We present the Norwegian Anaphora Resolution Corpus (NARC), the first publicly available corpus annotated with anaphoric relations between noun phrases for Norwegian. The paper describes the annotated data for 326 documents in Norwegian Bokmål, together with inter-annotator agreement and discussions of relevant statistics. We also present preliminary modelling results which are comparable to existing corpora for other languages, and discuss relevant problems in relation to both modelling and the annotations themselves.
This paper demonstrates how a graph-based semantic parser can be applied to the task of structured sentiment analysis, directly predicting sentiment graphs from text. We advance the state of the art on 4 out of 5 standard benchmark sets. We release the source code, models and predictions.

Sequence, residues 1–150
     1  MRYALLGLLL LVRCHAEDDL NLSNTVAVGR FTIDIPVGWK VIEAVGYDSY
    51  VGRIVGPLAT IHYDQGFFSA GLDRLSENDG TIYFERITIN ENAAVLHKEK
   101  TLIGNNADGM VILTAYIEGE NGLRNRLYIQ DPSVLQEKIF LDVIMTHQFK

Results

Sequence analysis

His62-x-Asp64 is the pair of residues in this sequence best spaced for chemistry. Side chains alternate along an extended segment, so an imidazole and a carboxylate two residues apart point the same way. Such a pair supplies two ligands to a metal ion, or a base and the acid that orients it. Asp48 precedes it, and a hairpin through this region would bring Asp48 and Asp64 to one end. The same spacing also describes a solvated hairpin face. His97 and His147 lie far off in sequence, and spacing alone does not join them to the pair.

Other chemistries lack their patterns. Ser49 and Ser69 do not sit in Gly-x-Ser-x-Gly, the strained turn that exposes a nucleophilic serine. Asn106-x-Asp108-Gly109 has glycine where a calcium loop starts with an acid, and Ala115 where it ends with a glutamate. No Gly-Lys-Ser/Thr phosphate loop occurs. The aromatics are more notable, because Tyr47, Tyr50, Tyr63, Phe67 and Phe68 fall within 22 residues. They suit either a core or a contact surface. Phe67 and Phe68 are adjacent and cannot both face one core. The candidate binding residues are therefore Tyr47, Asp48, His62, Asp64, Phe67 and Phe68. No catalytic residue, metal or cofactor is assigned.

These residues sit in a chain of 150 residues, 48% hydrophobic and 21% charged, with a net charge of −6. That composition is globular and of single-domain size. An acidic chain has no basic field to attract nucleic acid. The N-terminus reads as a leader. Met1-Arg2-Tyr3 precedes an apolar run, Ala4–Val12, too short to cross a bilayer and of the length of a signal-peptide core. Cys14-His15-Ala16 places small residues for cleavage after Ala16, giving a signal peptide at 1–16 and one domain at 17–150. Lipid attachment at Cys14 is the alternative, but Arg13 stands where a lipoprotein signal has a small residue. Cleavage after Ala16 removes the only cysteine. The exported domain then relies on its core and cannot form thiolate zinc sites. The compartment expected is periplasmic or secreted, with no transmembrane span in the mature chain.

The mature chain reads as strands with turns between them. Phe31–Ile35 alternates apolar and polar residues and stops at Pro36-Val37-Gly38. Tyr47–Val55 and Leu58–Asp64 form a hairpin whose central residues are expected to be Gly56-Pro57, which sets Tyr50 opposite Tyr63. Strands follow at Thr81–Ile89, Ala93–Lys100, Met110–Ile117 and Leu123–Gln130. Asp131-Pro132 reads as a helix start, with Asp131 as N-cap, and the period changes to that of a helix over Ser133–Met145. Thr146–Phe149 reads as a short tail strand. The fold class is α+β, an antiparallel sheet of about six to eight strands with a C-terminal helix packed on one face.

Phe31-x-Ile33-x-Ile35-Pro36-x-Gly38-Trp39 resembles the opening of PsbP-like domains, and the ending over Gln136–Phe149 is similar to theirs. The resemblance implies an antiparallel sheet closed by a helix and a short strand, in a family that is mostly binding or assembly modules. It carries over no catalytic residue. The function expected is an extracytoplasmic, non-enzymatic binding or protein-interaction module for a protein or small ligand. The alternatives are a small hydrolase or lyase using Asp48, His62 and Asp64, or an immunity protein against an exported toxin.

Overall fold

In this paper we explore how a demographic distribution of occupations, along gender dimensions, is reflected in pre-trained language models. We give a descriptive assessment of the distribution of occupations, and investigate to what extent these are reflected in four Norwegian and two multilingual models. To this end, we introduce a set of simple bias probes, and perform five different tasks combining gendered pronouns, first names, and a set of occupations from the Norwegian statistics bureau. We show that language specific models obtain more accurate results, and are much closer to the real-world distribution of clearly gendered occupations. However, we see that none of the models have correct representations of the occupations that are demographically balanced between genders. We also discuss the importance of the training data on which the models were trained on, and argue that template-based bias probes can sometimes be fragile, and a simple alteration in a template can change a model’s behavior.